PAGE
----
Quote of the day: 14 March

They have declared to us to be determined and very resolute to undergo and suffer whatever bitterness, rather than withdrawing from their vocation

Meanwhile, the nuns, who in France are now in the greatest desolation, arouse in our hearts affections of the most tender piety, to the maximum that a great part among them from all these provinces have indicated their anxiety in letters, because they are prevented from persevering in their own institutes and observing solemn vows; together they have declared to us to be determined and very resolute to undergo and suffer whatever bitterness, rather than withdrawing from their vocationTherefore, O our Beloved Sons and Venerable Brothers, we cannot help but testify in the greatest possible manner to their constancy and their strength, and to pray with the most fervent petitions to want to encourage them with your exhortations and to offer them also, insofar as possible, every help.

Pope Pius VI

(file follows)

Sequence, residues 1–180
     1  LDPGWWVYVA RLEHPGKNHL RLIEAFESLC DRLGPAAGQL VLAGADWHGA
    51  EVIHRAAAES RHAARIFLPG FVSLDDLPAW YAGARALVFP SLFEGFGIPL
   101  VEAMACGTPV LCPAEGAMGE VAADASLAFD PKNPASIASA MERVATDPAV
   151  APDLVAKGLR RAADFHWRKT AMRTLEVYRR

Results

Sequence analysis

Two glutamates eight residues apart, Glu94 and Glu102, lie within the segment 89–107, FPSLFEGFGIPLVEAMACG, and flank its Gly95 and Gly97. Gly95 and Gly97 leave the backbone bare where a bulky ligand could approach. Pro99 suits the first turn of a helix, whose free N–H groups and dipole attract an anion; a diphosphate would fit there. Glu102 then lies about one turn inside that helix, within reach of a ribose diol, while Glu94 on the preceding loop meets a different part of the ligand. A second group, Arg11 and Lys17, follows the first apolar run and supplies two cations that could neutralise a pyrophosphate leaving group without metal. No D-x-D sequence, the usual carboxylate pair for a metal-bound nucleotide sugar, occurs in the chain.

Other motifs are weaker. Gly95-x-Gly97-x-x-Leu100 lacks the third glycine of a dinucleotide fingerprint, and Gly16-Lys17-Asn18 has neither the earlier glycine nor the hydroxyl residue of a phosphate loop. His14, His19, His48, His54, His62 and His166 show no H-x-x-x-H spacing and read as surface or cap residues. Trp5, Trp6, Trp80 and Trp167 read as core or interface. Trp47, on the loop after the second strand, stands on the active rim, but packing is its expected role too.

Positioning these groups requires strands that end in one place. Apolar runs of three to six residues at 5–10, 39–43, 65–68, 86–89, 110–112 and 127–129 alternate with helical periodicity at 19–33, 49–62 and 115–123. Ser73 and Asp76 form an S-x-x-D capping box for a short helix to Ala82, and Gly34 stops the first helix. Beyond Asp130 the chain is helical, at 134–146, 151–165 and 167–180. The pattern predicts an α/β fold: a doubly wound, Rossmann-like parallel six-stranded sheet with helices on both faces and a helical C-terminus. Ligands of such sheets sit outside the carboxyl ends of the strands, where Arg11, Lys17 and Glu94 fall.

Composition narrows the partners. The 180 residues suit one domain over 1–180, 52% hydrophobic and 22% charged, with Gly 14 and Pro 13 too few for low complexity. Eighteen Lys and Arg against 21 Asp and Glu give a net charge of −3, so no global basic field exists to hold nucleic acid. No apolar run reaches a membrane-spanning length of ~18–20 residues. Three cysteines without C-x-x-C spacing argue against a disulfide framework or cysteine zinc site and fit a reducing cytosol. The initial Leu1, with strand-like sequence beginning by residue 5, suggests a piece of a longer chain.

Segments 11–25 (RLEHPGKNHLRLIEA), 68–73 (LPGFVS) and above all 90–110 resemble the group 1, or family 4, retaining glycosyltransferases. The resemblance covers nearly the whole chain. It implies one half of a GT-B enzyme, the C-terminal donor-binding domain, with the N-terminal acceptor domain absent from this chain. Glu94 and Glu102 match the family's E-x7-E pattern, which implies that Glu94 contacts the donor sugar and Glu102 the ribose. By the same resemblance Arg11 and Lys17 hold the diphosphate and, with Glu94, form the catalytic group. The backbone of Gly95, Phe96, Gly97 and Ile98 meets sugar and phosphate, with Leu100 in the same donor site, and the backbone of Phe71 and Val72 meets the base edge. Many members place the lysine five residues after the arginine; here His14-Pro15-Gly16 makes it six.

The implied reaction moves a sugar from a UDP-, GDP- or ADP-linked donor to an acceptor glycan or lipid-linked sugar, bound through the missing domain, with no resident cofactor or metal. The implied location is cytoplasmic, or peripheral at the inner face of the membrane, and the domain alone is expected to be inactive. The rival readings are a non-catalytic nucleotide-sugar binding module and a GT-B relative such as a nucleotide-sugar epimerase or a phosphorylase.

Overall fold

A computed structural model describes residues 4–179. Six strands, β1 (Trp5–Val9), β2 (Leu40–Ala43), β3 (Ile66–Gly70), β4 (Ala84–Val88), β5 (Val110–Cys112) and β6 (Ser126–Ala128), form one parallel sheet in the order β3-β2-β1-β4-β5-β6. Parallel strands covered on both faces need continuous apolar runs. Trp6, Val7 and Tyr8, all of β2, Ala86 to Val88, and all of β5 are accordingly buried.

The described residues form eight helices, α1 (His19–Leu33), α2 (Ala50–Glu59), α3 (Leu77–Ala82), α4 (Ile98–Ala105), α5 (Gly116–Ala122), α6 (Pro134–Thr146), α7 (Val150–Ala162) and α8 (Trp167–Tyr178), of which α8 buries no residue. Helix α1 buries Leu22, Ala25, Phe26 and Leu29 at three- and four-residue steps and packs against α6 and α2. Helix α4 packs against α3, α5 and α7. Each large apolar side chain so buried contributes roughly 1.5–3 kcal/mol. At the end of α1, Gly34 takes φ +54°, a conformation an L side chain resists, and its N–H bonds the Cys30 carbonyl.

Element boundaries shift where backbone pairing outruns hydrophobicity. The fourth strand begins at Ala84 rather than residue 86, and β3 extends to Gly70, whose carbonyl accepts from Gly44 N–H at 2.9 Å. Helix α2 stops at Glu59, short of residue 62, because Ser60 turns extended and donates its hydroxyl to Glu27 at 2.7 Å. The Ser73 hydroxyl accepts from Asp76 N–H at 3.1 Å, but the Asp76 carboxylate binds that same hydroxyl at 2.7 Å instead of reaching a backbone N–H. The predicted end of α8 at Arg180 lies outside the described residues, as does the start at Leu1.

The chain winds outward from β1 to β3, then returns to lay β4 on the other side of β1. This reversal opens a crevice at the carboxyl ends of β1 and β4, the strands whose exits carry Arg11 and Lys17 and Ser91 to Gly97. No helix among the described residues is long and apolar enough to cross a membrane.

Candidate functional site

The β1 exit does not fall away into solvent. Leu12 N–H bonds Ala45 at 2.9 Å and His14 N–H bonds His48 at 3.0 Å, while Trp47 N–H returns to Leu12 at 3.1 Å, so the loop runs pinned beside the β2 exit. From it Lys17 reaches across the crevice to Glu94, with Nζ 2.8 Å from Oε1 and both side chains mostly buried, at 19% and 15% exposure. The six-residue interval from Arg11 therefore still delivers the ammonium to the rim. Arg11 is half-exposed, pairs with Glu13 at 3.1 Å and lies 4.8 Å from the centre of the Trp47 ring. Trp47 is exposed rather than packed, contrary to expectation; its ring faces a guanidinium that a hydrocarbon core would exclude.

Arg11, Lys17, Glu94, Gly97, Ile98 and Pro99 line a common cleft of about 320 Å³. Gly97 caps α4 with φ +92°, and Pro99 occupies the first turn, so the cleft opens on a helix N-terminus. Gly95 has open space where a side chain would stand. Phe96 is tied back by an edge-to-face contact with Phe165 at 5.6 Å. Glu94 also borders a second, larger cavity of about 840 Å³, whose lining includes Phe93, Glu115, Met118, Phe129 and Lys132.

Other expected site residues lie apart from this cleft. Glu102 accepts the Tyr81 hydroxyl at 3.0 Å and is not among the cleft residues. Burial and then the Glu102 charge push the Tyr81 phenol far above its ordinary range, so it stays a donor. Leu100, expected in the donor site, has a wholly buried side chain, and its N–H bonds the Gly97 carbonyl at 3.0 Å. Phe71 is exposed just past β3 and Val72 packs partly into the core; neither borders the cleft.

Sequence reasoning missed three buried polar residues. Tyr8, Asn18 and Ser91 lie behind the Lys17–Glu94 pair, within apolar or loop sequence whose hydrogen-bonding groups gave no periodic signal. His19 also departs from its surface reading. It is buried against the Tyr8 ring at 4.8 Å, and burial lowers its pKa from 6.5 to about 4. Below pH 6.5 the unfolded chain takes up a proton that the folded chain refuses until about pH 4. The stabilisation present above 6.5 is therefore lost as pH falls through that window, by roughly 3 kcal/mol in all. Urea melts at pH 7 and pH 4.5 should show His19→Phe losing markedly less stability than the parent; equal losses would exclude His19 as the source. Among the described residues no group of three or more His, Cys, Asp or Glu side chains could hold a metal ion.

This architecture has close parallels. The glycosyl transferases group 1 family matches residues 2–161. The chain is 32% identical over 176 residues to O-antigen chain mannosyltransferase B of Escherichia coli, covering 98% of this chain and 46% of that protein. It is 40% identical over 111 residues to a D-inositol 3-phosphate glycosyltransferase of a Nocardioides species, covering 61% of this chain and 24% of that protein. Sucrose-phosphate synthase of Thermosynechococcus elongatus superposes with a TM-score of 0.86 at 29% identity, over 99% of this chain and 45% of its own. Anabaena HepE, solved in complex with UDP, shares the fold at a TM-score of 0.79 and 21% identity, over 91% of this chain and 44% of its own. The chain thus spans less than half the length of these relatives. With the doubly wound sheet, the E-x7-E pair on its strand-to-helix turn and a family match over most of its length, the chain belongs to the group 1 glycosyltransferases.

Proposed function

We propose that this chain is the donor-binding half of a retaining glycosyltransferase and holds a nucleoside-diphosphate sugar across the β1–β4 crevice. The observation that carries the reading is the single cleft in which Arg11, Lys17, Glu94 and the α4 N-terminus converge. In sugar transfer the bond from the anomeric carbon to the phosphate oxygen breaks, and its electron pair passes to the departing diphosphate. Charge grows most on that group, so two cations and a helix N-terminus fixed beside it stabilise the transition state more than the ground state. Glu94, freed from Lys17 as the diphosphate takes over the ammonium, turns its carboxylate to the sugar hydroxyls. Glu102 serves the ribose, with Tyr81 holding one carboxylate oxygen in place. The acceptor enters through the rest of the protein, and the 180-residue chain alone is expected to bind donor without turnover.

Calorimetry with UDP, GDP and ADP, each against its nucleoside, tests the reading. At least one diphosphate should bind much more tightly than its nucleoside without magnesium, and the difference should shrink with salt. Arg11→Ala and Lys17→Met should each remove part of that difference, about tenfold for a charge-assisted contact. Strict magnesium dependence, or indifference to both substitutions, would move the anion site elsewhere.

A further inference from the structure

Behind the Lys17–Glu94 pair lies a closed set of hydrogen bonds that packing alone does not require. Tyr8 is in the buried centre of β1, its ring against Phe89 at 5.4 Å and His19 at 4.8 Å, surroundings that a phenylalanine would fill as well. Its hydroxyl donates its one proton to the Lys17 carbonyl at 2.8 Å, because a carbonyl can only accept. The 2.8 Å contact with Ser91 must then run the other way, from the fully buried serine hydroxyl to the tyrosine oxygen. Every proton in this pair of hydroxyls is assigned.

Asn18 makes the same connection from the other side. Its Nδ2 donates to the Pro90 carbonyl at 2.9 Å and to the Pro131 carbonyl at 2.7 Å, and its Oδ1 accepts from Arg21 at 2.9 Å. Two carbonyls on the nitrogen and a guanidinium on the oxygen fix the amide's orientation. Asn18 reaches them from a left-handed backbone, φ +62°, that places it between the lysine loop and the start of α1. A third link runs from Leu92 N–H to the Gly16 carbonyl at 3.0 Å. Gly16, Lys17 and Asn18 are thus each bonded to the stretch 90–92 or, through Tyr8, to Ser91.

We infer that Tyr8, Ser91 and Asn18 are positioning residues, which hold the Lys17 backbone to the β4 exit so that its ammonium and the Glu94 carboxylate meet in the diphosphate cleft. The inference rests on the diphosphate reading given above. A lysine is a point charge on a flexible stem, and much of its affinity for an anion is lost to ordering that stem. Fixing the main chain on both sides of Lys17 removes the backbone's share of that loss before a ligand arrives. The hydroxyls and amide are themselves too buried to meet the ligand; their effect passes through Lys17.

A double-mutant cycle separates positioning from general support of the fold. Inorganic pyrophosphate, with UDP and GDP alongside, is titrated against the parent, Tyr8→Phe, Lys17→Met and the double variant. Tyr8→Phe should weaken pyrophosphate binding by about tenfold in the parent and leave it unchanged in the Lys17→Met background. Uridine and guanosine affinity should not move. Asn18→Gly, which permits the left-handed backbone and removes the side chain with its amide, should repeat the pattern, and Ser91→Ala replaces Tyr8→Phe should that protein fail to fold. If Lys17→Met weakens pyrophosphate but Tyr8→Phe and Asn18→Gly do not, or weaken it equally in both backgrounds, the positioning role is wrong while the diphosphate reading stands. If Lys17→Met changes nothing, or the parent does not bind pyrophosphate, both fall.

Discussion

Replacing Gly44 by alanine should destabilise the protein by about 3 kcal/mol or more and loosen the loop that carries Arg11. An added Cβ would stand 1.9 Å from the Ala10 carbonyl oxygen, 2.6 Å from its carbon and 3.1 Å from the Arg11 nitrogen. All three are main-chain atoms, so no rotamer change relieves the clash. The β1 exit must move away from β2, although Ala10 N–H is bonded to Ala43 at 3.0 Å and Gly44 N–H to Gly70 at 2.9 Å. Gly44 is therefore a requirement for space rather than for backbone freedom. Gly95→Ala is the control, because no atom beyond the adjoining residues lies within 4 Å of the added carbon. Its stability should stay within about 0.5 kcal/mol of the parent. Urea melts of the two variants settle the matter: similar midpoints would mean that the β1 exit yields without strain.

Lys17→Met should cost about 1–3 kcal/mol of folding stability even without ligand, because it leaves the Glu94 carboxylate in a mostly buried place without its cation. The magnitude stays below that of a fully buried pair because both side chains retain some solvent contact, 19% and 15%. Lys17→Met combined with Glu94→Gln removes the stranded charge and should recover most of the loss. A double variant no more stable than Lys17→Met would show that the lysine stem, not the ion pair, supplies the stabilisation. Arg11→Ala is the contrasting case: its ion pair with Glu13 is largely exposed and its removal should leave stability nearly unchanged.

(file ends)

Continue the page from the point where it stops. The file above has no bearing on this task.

Quod aliquantum (excerpt)
Papal brief condemning the Civil Constitution of the Clergy
10 March 1791

12-13-07-MC-D-1634
On March 10, 1791, Rome, in Pius VI’s brief, Quod aliquantum, finally condemned the civil constitution of the clergy. The pope issued two further briefs on March 19, both aimed at sustaining the non-juring church in France. The first lauded priests who did not take the oath of the Civil Constitution of the Clergy, while the second conferred upon former bishops, or the vicars left administering their dioceses, the power to absolve cases normally reserved for Rome. Should contact with the Holy See be broken, they might now proceed with dates for ordinations without reference to Rome. [Source: Bush, Willilam. To Quell the Terror: The Mystery of the Vocation of the Sixteen Carmelites of Compiègne Guillotined July 17, 1774 (p. 86)] | Photo: Trial scene from the Canadian Opera Company’s production of Dialogues des Carmélites, 2013 | Michael Cooper, Canadian Opera Company / Flickr

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